Research Project: Celtic Others: Irish Literary Representations of the Other
Pilar Villar-Argáiz, University of Granada, Spain Department of English
Carmen Zamorano Llena Charles Armstrong, University of Agder, Norway Faculty of the Humanities and Pedagogy Wanda Balzano, Wake Forest University, NC, USA David Clark, University of A Coruña, Spain Department of English Margarita Estévez-Saá, University of Santiago de Compostela, Spain Department of English Anne Fogarty, University College Dublin, Ireland Charlotte McIvor, University of California, Berkeley Performance Studies Paula Murphy, University College Dublin, Ireland Eva Roa White, Indiana University Kokomo, IN, USA Humanities Department Maureen T. Reddy, Rhode Island College, USA Amanda Tucker, University of Miami, USA Department of English
This is a collection of essays that examines Irish writers’ representations of interracial encounters and cross-cultural exchanges between the ‘native’ Irish host and the immigrant ‘Other’, which have become common aspects of everyday life in 21st century Ireland. Some other interracial and cross-cultural encounters beyond the geographical frontiers of Ireland are also explored, as they are highly relevant to current debates around Irish multiculturalism and the present context of Ireland as a host country for contemporary migrants. Key areas of discussion are: What does it mean to be ‘multicultural’, and what are the implications of this condition for contemporary Irish writers? How has literature in Ireland responded to inward migration? Have Irish writers reflected in their work (either explicitly or implicitly) the new influx of immigration? If so, are elements of Irish traditional culture and community maintained or transformed? What is the social and political efficacy of these intercultural artistic visions? While these issues have received sustained academic attention in literary contexts with longer traditions of migration, they have not yet been extensively addressed in Ireland today.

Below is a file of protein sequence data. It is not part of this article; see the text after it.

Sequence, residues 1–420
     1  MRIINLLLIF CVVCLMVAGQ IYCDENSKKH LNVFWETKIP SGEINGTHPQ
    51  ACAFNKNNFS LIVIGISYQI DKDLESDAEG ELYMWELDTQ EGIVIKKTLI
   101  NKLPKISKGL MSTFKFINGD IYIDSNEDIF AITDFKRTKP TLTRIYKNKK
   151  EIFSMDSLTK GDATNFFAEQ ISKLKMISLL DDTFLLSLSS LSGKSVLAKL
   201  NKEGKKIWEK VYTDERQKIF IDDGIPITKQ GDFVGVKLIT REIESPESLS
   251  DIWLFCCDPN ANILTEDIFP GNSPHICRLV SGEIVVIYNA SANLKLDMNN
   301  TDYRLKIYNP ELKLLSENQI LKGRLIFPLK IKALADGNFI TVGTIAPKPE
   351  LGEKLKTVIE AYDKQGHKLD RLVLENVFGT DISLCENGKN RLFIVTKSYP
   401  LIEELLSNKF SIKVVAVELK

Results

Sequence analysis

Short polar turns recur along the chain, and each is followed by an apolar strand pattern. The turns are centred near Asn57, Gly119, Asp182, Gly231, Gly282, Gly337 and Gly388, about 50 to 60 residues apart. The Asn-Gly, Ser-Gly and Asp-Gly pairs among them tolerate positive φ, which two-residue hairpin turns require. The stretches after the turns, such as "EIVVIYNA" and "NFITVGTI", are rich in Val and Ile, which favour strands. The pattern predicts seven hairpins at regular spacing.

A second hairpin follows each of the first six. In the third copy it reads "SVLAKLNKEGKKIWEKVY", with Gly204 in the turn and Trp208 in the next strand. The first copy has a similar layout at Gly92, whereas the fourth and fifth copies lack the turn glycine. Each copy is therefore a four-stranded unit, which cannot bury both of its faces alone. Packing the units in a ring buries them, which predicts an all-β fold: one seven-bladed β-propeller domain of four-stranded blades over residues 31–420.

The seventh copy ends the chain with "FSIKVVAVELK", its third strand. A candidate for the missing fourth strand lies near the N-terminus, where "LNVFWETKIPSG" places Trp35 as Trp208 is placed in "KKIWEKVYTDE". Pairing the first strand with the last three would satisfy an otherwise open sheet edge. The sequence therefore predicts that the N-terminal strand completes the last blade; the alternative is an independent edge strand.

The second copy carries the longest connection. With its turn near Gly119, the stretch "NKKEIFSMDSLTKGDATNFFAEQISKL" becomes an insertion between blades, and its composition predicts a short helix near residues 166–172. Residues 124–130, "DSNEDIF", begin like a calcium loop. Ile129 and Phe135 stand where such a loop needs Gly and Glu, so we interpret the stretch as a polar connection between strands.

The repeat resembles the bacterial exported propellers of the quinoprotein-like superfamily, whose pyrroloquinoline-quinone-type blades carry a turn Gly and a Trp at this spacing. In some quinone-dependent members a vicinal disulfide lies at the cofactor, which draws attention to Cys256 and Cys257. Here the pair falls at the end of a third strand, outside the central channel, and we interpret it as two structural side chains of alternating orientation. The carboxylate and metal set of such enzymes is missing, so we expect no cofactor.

My contribution to this international research project will consist in an essay to be included in this collection. The title of this essay is “‘Our identity is our own instability’: Intercultural Exchanges and the Redefinition of Identity in Hugo Hamilton’s Disguise and Hand in the Fire”.